Lithuania and the Japanese conglomerate Hitachi concluded today (30 March) a concession agreement for the Visaginas Nuclear Power Plant, paving the way for the next phase of project development of what is seen as one of the most advanced nuclear generation projects in Europe.
Following the successful conclusion of negotiations, a concession agreement relating to Visaginas was initialled at the prime minister’s office by Žygimantas Vai?i?nas, and Energy Ministry official who heads the Concession Tender Commission, and Masaharu Hanyu, Hitachi Ltd.'s vice president, the government announced.
The Visaginas plant is to be built on the site of the Soviet-built Ignalina nuclear station that was shut down in 2009 (see background).
In 2007, Lithuania's parliament adopted a law on building a new nuclear power plant. The law also stipulated creation of a special company, Visagino atomin? elektrin?, to seek investments for the new nuclear power plant. In July 2011, Lithuania announced plans to sign a contract with Hitachi as strategic investor.
The concession agreement provides the contractual framework for the Visaginas Nuclear Power Plant including the provision of: rights for the project company to design, construct and operate and, at a later stage, decommission the plant.
Over the coming weeks the agreement will be reviewed and discussed by the government, before being submitted to the Seimas (Lithuanian Parliament) for formal approval, probably in June.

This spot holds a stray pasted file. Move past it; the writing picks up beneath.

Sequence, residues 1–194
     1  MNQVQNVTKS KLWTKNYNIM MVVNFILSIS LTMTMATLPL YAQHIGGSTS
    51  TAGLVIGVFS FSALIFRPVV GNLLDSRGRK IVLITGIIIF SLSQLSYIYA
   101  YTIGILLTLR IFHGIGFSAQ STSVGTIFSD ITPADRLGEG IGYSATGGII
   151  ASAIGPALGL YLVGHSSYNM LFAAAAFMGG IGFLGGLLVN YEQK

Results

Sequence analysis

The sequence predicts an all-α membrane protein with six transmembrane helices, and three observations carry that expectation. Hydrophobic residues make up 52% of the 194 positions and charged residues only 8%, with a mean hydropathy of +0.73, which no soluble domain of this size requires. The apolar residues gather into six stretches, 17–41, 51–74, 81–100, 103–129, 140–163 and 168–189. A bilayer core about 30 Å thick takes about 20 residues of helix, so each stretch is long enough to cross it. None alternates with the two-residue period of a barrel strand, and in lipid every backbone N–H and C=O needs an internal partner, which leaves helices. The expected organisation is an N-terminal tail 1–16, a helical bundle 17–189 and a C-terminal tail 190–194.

"We welcome this important milestone in the project and wish to emphasise our appreciation of the cooperative and supportive spirit in which the project has proceeded to date," Hanyu said.
Prime Minister Andrius Kubilius also called the agreement a "milestone".
"The Visaginas Nuclear Power Plant presents Lithuania and the Baltic region with a once in a lifetime opportunity to diversify energy sources and enhance energy security and independence as well as continue our integration into Europe.
"The agreement with Hitachi is also a vote of confidence for what will be the largest foreign direct investment in the history of Lithuania. We are proud to have reached this milestone and to have probably the most developed new nuclear project in Europe," Kubilius said.
The prime ministers of Lithuania, Latvia and Estonia expressed their support for the project during a meeting at the Baltic Ministers Council on 7-8 March.
Visaginas will be equipped with an Hitachi-GE Advanced Boiling Water Reactor (ABWR), described as the only generation III nuclear reactor with a proven operational track record around the world, with an enhanced level of safety.
In 1992, at a G7 summit, it was decided that four units of Bulgaria's Kozloduy nuclear power plant, along with Bohunice in Slovakia and Ignalina in Lithuania, had to be closed as they presented a high level of risk. All these nuclear units are now out of operation, the last to be shut down in December 2009 being the second unit of Ignalina.
The closing of the nuclear power stations was negotiated as part of the countries' EU accession treaties. As this early closure is a heavy financial burden for these countries, the European Union provides financial support.
Nuclear decommissioning is the final step in the lifecycle of a nuclear installation covering all activities from shutdown and removal of fissile material to environmental restoration.